This is a very important reflection for this time, when there are so many quarrels and wars going on because people cannot agree on anything. The Chinese against the Russians, the Americans against the Soviets, and on it goes. Over what? What are they fighting about? About their perceptions of the world. ‘This is my land and I want it this way. I want this kind of government, and this kind of political and economic system,’ and it goes on and on. It goes on to the point where we slaughter and torture until we destroy the land we are trying to liberate, and enslave or confuse all the people we are trying to free. Why? Because of not understanding the way things are.
Self acceptance is our way of looking out for ourselves. This is our way showing we approve of ourselves. We can seek acceptance from others but the real one that counts is accepting ourselves.
We, as the saying goes, are often our own worst critic. We look at others and what they do and can judge and analyze all of that. We can do the same with ourselves. And who do you think we deal with more harshly – ourselves, of course.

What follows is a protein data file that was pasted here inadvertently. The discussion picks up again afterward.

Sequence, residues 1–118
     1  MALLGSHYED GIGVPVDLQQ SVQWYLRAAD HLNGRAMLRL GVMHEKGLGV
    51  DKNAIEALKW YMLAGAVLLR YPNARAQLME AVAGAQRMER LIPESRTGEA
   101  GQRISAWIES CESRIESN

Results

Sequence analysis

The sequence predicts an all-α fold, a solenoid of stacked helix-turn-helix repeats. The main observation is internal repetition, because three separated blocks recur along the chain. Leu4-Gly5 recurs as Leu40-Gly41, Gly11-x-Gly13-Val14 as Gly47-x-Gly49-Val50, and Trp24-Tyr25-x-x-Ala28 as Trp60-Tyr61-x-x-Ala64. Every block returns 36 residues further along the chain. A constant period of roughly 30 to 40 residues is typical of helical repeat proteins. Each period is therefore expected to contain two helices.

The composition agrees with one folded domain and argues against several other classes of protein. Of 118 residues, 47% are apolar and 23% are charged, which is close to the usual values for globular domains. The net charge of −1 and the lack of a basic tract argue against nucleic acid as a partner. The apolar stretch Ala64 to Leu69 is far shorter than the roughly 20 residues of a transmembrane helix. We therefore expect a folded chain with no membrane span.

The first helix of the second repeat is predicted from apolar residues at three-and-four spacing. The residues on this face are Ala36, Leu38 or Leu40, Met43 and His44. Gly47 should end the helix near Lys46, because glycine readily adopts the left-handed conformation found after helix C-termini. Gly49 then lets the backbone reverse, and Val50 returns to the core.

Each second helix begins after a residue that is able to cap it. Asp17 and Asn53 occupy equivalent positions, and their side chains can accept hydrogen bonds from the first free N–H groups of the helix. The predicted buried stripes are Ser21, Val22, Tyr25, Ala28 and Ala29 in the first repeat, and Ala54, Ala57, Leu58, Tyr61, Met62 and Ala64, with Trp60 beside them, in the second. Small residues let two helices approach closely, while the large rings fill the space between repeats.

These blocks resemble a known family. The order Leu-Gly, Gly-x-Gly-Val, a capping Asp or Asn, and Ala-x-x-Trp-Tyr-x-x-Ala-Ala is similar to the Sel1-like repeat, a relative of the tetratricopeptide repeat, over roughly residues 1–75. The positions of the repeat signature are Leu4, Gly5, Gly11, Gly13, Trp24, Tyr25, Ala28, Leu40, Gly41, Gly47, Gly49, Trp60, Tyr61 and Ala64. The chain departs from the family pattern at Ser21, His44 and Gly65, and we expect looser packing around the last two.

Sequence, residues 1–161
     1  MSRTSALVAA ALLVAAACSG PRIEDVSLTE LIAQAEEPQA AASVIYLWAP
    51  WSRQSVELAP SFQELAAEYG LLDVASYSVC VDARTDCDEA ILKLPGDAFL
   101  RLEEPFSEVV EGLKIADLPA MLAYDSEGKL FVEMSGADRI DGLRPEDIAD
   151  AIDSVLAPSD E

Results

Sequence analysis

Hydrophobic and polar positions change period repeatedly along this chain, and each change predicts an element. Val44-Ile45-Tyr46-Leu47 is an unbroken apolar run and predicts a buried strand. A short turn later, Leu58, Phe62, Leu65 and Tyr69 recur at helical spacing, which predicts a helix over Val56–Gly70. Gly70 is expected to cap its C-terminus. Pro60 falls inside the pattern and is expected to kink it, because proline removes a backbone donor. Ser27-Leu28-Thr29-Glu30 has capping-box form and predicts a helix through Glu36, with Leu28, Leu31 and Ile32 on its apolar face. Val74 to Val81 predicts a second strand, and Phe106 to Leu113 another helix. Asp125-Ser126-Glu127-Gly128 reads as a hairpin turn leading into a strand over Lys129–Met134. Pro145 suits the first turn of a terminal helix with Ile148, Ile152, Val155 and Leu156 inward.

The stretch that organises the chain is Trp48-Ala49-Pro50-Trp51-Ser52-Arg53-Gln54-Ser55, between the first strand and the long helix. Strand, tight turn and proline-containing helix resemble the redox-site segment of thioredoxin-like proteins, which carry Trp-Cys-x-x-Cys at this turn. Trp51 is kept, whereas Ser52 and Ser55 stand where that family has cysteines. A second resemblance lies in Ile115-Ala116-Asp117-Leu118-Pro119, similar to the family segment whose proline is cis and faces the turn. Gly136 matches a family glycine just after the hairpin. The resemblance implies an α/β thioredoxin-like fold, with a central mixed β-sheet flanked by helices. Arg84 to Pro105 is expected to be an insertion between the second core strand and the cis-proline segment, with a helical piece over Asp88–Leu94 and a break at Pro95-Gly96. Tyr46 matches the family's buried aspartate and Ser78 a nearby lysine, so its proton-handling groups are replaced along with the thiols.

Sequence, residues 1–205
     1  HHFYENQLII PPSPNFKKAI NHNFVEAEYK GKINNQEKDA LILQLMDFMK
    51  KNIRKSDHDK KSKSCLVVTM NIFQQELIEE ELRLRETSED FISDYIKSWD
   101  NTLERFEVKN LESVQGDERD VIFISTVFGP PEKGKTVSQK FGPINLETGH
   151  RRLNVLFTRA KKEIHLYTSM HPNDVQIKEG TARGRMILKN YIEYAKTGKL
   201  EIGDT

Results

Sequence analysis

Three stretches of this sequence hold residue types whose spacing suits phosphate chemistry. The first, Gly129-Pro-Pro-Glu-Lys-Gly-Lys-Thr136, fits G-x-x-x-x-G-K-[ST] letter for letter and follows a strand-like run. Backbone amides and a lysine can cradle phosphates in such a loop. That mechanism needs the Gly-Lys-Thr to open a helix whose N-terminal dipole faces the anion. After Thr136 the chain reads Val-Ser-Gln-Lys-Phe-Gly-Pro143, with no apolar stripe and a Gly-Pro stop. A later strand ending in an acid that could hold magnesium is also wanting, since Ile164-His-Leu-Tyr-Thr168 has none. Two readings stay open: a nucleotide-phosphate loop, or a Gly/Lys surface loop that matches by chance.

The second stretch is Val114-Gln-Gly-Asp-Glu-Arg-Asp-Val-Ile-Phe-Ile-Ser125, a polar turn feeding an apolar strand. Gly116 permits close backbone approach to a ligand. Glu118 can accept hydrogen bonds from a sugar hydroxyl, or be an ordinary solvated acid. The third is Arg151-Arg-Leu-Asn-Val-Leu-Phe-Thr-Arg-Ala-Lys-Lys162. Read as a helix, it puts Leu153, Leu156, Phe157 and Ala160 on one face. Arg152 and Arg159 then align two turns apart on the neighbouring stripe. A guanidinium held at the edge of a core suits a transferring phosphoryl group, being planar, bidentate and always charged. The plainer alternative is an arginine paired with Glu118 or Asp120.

Yet, why should we judge ourselves more severely than we judge others? Do we have a different set of values for ourselves, than for others? Do we have a different and easier set of criteria by which another person is scrutinized – yet we make ours far more stringent? Do we have a different set of standards for others than ourselves?
Lately I been thinking about what it means to be “myself”. Here is an article I found online written by Jonathan J. Dickau.
What Does It Mean to Be Yourself?
Being yourself is something which can, and should, come naturally, but often this is more difficult than it sounds. You see, being genuine is not regarded by our culture as having the same importance as being right, or being able to justify ones actions. Authenticity is something we all possess, but most people are caught up in the drive for acceptance and approval, to the extent where they no longer feel genuine unless there is a consensus among those who are important to them, that who they are, and what they are doing, is OK. In effect, we deny ourselves the right to be “real,” or at least to feel that way, unless someone else agrees. As young children, we express ourselves quite spontaneously, but for many adults this is sometimes a great challenge. The reasons for this are a result of what we learn as we grow up, while attempting to fulfill our innate need to be loved.
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Some interesting news coming from the QP world.
The discovery of a particle consistent with the Higgs boson has been announced by physicists from the Large Hadron Collider’s CMS and ATLAS detectors.